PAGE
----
This is the first in an ongoing series, based on a report by the Urban Institute. Read Part 2 here. The report was compiled with support from Bank of America, which partners with the UNC Charlotte Urban Institute and the Institute for Social Capital on research that provides insight into community initiatives. Join us each Wednesday at 7:30 p.m. on Twitter for a discussion, using the hashtag #WealthGapWednesdays to follow along and ask questions.
Race shapes how people experience the coronavirus pandemic, as do wealth and the systemic disparities that have resulted in a racial wealth gap. If you have wealth — assets like income, a home, and savings that are greater than what you owe — you can reasonably protect yourself and your family from the most devastating physical and economic impacts of the virus (i.e. by staying home, covering your expenses if you lose income, etc.).
If you don’t have wealth, you are more likely to suffer the pandemic’s worst outcomes.
In the United States, White households have 10 times the wealth of Black households and 7 times the wealth of Latinx households.This has not occurred by mere happenstance. Wealth is built through a combination of pathways, each with its own history of policy and practice.
The consequences enhance or hinder asset building across racial and ethnic groups. The systemic patterns of racial inequity that lead to such stark differences in wealth accumulation are the same well-worn paths that lead to unequal outcomes in labor, housing, education, and health.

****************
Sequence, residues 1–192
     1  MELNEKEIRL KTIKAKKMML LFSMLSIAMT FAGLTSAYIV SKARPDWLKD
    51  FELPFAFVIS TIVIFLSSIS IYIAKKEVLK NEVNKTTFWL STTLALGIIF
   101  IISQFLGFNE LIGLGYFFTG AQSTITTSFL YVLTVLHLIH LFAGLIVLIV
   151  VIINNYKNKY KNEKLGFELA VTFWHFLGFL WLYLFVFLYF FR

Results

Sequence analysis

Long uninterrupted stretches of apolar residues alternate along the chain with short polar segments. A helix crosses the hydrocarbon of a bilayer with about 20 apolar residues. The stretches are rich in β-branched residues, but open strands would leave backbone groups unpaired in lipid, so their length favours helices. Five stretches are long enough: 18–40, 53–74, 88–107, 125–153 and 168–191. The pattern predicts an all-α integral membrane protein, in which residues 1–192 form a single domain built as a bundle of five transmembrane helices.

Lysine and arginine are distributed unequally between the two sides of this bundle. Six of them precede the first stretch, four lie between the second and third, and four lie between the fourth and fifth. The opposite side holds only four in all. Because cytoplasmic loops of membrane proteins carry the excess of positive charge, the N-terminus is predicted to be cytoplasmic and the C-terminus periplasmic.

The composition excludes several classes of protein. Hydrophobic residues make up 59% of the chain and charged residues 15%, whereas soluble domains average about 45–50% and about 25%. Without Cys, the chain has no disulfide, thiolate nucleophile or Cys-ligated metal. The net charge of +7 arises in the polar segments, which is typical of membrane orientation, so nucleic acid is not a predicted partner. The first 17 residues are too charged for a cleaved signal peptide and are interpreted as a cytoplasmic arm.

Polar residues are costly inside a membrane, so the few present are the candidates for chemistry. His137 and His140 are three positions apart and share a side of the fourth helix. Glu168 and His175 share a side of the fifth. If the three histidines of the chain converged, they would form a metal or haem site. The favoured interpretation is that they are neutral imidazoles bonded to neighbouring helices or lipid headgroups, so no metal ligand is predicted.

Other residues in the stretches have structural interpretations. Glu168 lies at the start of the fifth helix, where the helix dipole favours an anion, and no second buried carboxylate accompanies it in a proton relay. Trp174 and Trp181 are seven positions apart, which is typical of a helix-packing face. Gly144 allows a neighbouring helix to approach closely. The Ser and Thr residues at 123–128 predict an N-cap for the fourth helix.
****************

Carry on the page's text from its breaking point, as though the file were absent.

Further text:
This problem is engineered and evident in the impact of the coronavirus. Black and Latinx people are more likely to work in many jobs deemed essential like grocery clerks and poultry workers and underrepresented in management and other white collar professions that are more likely to continue working remotely in safety. In addition, Black and Latinx workers are more likely to hold jobs that do not provide access to healthcare or paid sick leave.
White Americans are more likely to be homeowners and are less likely to live in crowded housing or in homelessness. Reflecting disparities in the social determinants of health, Black and Latinx Americans have higher rates of underlying diseases like diabetes and heart disease that increase the risk of dying from COVID-19.
During this period of social distancing, wealth is both a shield from and a reflection of the systems that create and sustain disparate virus outcomes. The novel coronavirus is a stark reminder of why it's key to close the racial wealth gap as well as change the systemic patterns that created it.
Today, the UNC Charlotte Urban Institute released a report on the racial wealth gap, including local data on Charlotte-Mecklenburg. The report describes the gap and patterns across the various components of wealth that lead to differences in wealth accumulation. The report was compiled with support from Bank of America, which partners with the UNC Charlotte Urban Institute and the Institute for Social Capital on research that provides insight into community initiatives.
For the next six weeks, on #WealthGapWednesdays, we will focus on a different section of the report on the Institute website. Each Wednesday evening at 7:30 pm beginning May 13th, James Ford and Ely Portillo will moderate a Twitter chat about the topic, including local guests to provide deeper insight into the problem and solutions.